New York City’s zoning code turns 100 this year.
May 20, 2016 11:37 AM   Subscribe

Zoning is such a perfect example of power-play bureaucracy.

In the city I used to work in 95% of structures were non-conforming. What does that really mean?

It means you have to play political grab-ass with the table full of old white guys in order to build a frig'n dormer.
posted by Reasonably Everything Happens at 11:42 AM on May 20, 2016 [5 favorites]

Broadly speaking, zoning laws in the US were created to enforce existing segregationist covenants, once those became illegal/unfashionable. Over time, we've grown to enforce and defend those rules based on a faulty assumption that they were created to serve a legitimate purpose.

I recently ranted about this in another post on MeFi.

There's more than racism at play, but zoning is fantastically corrupt, is broadly supported by the population (but gets little attention), and has a pervasive impact on almost every aspect of our daily lives.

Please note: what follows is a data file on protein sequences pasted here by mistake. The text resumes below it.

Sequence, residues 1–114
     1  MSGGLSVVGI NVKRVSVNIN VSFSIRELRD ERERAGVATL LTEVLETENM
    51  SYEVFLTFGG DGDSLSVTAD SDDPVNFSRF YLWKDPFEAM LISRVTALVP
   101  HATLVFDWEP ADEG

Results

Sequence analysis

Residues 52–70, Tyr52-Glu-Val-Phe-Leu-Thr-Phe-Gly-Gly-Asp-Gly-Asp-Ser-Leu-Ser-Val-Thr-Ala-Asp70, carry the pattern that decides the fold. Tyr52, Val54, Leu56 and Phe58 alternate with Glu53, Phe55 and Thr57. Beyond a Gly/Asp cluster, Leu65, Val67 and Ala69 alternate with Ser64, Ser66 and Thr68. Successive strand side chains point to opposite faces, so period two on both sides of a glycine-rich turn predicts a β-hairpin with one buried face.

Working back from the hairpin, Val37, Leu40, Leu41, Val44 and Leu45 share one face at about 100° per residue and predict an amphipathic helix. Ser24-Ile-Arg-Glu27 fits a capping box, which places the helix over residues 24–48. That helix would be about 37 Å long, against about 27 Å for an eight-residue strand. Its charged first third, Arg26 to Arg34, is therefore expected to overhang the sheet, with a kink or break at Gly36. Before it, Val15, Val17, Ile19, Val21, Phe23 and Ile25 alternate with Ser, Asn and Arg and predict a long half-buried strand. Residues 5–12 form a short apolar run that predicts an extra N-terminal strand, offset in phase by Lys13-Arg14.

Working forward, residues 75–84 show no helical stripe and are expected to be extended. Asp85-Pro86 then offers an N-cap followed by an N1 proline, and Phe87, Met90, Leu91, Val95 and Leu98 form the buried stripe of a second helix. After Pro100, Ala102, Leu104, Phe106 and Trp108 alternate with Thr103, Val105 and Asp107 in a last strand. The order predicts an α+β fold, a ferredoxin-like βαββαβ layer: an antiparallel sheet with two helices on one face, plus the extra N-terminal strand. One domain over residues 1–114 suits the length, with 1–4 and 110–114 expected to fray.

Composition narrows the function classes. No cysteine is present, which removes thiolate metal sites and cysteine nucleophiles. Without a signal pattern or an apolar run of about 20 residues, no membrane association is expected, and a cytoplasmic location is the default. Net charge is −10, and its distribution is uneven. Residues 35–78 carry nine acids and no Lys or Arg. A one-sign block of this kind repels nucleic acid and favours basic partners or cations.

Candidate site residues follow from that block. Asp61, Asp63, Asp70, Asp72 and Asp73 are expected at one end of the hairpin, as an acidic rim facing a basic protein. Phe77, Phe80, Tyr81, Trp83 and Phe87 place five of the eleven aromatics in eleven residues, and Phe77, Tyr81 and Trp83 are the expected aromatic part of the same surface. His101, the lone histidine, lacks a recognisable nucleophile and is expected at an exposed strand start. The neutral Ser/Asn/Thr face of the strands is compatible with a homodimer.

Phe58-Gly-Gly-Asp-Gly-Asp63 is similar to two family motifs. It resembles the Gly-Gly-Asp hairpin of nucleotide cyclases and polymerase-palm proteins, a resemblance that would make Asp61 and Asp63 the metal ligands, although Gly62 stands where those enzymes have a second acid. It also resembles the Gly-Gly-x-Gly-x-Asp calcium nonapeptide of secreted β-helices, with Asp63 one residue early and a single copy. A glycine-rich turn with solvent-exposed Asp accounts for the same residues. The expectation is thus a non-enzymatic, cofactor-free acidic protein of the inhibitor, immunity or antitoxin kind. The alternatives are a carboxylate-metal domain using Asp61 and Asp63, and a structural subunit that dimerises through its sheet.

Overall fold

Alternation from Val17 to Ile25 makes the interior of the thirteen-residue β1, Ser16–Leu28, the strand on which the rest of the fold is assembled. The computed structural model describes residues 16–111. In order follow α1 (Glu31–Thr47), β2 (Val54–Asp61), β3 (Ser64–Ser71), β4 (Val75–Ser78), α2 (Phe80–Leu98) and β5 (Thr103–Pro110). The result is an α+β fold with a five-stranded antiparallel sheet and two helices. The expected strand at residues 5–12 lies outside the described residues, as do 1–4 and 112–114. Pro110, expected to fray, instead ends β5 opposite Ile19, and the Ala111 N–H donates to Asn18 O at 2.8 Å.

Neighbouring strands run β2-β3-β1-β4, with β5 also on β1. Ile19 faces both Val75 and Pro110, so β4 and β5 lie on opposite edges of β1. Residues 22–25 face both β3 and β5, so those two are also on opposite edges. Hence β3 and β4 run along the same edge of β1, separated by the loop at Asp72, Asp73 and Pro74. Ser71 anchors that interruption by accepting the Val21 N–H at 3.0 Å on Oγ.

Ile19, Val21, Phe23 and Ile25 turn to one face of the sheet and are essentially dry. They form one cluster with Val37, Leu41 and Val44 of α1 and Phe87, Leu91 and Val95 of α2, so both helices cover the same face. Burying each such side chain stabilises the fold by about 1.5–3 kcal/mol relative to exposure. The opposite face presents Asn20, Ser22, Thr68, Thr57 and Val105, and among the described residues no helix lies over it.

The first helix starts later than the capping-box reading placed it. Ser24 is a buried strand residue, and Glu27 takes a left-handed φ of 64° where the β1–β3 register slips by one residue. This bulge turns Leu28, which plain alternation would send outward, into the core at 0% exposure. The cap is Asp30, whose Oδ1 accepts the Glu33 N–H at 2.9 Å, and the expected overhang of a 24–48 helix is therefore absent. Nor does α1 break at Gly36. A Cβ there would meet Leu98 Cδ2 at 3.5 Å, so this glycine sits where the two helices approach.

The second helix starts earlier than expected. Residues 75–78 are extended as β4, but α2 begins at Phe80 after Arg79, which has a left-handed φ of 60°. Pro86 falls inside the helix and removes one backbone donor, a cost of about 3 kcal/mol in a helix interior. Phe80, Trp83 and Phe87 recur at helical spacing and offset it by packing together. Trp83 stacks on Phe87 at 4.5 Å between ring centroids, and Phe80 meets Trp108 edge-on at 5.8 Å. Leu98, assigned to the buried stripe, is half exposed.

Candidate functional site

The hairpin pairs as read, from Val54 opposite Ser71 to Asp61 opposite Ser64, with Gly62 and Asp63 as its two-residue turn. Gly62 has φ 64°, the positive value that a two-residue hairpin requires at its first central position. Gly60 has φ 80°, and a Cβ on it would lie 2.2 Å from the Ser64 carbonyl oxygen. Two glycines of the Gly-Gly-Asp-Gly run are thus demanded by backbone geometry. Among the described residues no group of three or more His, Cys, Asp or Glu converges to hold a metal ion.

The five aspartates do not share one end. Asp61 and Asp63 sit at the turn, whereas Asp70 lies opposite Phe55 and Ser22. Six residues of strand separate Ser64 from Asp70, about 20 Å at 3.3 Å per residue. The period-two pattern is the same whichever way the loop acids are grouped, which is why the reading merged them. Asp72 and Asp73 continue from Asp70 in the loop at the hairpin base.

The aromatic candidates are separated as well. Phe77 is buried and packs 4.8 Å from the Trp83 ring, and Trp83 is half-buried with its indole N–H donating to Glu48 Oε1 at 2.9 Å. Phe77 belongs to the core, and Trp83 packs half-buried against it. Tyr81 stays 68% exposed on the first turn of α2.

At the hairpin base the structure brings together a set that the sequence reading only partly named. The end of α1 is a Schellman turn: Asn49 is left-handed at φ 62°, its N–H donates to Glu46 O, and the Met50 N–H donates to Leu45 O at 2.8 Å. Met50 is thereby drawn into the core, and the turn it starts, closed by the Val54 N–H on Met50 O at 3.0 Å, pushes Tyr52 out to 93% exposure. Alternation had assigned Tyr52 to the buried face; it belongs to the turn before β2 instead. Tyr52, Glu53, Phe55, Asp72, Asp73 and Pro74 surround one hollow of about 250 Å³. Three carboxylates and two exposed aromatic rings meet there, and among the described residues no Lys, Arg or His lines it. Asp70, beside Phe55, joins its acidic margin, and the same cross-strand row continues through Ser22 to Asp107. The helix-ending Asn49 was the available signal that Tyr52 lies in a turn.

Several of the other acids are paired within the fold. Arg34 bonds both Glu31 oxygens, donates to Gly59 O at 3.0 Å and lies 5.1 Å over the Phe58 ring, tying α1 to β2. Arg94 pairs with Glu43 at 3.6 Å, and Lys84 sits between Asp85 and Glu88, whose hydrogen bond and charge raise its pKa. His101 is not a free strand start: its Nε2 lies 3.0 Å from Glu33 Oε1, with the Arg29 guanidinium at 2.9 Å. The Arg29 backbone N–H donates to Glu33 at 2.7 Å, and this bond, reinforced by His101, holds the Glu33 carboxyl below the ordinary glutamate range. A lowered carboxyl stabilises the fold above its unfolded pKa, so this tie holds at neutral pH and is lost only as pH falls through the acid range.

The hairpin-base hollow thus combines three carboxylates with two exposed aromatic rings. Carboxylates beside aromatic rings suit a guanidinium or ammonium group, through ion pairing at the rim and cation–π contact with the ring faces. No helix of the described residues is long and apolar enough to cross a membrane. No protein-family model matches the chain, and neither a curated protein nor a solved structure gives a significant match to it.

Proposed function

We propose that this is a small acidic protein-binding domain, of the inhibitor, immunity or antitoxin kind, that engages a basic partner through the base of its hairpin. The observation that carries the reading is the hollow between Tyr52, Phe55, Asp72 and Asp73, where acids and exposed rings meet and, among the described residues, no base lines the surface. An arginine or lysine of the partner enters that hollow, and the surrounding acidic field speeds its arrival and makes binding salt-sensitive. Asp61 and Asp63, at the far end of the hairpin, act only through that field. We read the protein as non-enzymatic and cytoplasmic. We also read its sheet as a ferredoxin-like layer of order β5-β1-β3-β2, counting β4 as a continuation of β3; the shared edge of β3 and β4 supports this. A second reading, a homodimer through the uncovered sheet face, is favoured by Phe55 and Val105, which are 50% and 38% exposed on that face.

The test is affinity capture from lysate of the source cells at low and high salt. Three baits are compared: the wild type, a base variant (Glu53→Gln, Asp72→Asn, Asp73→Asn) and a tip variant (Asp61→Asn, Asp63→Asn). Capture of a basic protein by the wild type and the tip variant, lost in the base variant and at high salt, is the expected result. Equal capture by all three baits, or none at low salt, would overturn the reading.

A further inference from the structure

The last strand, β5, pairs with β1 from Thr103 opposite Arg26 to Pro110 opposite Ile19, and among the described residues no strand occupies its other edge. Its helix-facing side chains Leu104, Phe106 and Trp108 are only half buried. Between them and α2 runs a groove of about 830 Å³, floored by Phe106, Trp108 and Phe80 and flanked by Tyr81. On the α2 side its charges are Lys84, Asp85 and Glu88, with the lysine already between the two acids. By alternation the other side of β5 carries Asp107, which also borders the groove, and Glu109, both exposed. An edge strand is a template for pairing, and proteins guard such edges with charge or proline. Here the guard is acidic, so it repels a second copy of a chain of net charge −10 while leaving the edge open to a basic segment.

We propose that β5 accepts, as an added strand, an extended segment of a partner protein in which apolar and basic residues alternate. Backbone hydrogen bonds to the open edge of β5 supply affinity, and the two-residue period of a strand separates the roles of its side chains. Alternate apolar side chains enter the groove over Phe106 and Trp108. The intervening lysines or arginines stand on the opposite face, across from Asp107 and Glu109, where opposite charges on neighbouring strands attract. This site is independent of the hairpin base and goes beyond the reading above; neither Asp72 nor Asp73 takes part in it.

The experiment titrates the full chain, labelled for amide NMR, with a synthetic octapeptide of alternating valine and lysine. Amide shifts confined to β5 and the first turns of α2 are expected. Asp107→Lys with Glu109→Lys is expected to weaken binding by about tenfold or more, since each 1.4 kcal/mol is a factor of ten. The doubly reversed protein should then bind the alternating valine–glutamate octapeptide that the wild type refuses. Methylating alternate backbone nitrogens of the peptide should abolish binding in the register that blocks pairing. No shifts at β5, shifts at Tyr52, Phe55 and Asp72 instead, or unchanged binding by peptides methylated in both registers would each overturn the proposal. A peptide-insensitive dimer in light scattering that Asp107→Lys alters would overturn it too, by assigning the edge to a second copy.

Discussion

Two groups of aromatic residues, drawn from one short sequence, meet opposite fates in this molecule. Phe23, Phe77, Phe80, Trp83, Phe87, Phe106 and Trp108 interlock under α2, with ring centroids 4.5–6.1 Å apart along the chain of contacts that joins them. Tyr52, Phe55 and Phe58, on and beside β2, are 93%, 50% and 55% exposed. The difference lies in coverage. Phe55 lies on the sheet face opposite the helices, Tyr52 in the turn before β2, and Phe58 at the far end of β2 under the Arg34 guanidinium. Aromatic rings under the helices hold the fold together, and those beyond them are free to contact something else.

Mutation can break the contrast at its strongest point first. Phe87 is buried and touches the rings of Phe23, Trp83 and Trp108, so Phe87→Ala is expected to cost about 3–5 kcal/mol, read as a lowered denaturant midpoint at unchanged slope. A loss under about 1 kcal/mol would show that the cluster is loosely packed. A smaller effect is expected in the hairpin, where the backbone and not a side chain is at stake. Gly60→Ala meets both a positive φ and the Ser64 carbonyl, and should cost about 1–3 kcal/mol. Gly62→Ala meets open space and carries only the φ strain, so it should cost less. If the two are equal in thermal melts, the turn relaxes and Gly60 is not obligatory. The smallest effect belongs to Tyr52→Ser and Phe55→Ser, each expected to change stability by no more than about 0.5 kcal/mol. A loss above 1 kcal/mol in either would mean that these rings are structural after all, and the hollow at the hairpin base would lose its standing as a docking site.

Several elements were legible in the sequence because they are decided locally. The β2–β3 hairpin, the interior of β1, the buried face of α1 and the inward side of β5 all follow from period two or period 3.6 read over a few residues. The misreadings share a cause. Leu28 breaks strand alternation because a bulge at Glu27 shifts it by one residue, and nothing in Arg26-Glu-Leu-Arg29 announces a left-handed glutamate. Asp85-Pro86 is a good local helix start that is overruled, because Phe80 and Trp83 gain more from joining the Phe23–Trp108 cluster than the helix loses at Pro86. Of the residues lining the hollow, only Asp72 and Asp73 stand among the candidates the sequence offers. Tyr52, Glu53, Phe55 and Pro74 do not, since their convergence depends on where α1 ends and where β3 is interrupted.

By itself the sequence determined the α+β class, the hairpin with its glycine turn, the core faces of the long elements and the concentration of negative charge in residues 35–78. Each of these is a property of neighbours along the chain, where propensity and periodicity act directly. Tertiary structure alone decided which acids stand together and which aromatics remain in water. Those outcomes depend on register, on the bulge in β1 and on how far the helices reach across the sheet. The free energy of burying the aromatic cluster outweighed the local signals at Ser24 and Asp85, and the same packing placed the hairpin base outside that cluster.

posted by schmod at 12:04 PM on May 20, 2016 [10 favorites]

It means you have to play political grab-ass with the table full of old white guys in order to build a frig'n dormer.

Live in Somerville, MA, I take it?

(No, in Somerville it's a slightly different variant of the problem: the city's given owners variances and exemptions for decades in order to encourage owners to do renovations and the like without expensive requirements kicking in. Better than letting those old triple deckers decay, right? So now the building code and zoning codes for the city are about as arcane as old medieval laws.)
posted by ocschwar at 12:12 PM on May 20, 2016 [1 favorite]

There's a great link in that story to this story about the sale of Mark Magowan's fabulous 7,000-square-foot apartment at 720 Park Avenue. Fun facts: Magowan is the grandson of Charles Merrill, co-founder of Merrill-Lynch, the cousin of poet and Ouija-enthusiast James Merrill, and the brother of poet and one-time lover of Nancy Ling Perry, Robin Magowan.